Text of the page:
MReport September 2021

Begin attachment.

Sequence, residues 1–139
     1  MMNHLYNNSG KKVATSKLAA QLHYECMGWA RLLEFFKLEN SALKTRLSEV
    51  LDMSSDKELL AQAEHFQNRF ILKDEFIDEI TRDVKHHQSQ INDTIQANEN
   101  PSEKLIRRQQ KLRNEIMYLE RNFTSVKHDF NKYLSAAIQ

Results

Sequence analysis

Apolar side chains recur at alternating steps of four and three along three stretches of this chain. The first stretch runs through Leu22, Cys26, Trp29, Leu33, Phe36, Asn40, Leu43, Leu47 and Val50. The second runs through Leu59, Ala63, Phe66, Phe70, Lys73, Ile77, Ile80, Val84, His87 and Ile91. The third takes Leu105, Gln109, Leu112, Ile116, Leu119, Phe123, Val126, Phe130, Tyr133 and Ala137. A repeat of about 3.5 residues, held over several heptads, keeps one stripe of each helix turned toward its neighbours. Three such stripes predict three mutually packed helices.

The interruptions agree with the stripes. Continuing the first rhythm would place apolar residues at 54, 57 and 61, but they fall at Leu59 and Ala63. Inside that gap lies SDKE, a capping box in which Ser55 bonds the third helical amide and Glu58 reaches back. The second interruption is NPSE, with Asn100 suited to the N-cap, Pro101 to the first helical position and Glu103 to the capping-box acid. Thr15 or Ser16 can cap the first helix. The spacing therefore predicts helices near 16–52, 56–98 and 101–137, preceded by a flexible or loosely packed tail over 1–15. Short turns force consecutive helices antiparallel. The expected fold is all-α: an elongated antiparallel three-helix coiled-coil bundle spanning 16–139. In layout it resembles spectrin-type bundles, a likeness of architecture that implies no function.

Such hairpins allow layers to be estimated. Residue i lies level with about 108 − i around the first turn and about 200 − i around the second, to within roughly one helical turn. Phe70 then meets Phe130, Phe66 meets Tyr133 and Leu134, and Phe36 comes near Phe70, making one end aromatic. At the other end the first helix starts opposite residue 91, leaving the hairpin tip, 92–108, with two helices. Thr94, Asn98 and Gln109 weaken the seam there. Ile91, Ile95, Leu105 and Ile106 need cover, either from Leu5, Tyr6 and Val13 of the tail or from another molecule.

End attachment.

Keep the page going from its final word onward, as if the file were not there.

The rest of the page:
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14 | M R EP O RT FEATURE A s a reverse mortgage specialist, I'm constantly reading about the products I sell and what people say about them. The other day I was reading an article in a trade publication about how reverse mortgages are a good option for people who "need a source of income" and who are "strug- gling to stay ahead of their bills." I had to shake my head. "Not again," I thought. There was plenty wrong with the article, but the biggest issue I had with the piece was that reverse mortgages were again being portrayed as a "loan of last resort." An even bigger problem is that many people in our industry, as well as many financial planners and Realtors1, still think of reverse mortgages this way. The truth is that most home- owners would be wise to get a reverse mortgage the minute they turn 62 years old and use it to supplement their retirement income. In fact, widespread use of reverse mortgages can also help prevent what is shaping up to be a retirement disaster of epic proportions in this country. People are living longer, and many won't have enough money saved to retire in their 60s. According to an October 2020 report from the Center for Retirement Research at Boston College, the median balance of retirement accounts for house- holds aged 55-64 years old was $144,000, which would generate only $570 in monthly income. According to a 2019 retirement survey by GOBankingRates, 64% of Americans will retire with less than $10,000 in savings. Reverse mortgages could go a long way to help people live more comfortably when they retire, and, in fact, could change the way retirement is approached in this county. They can also give loan officers an opportunity to help homeowners in ways that enable them to enjoy a better quality of life in their retirement years. However, these opportunities will be missed unless lenders find a way to change the conversation about reverse mortgages. Myths Die Hard M ost Americans, and indeed most mortgage profession- als, have it branded in their minds that the goal of homeownership is to pay off your home. This is a deeply held cultural belief that dates to the Great Depression and mortgage-note-burning parties that tell us the goal in life is to be free and clear of all debt. Many Americans also think of reverse mortgages as something to avoid at all costs. We've all heard the horror stories about reverse mortgages, and how countless widows were kicked out of their homes. To be sure, the reverse mortgage industry has, in the past, done a lot to earn this bad rap. For a long time, I believed these things too. I spent the bulk of my early career in the mortgage in- dustry advising my clients to stay far away from reverse mortgages. However, in the early 2000s, I went to a reverse mortgage seminar in Miami—basically just to get away from the Wisconsin winter—and it changed my life. I saw that reverse mortgages could play an important role in a bor- rower's financial retirement plan. A reverse mortgage is a feder- ally insured loan that enables homeowners 62 and older to access a portion of their home equity in either cash, monthly payments, or as a line of credit. There are several types of reverse mortgages, but by far the most popular is the FHA-insured Home Equity Conversation Mortgage (HECM), which allows borrowers to access between 30% and 75% of their home's value de- pending on current interest rates and the borrower's age. Borrowers can use reverse mortgages to pay for medical expenses, for travel, or to diversity their financial portfo- lio by investing home equity into other assets. The HECM is not a loan of last resort, nor is it a welfare program. There are credit require- Reversing the Conversation About Reverse Mortgages Use of reverse mortgages could help prevent what is shaping up to be a retirement disaster of epic proportions. By Harlan Accola

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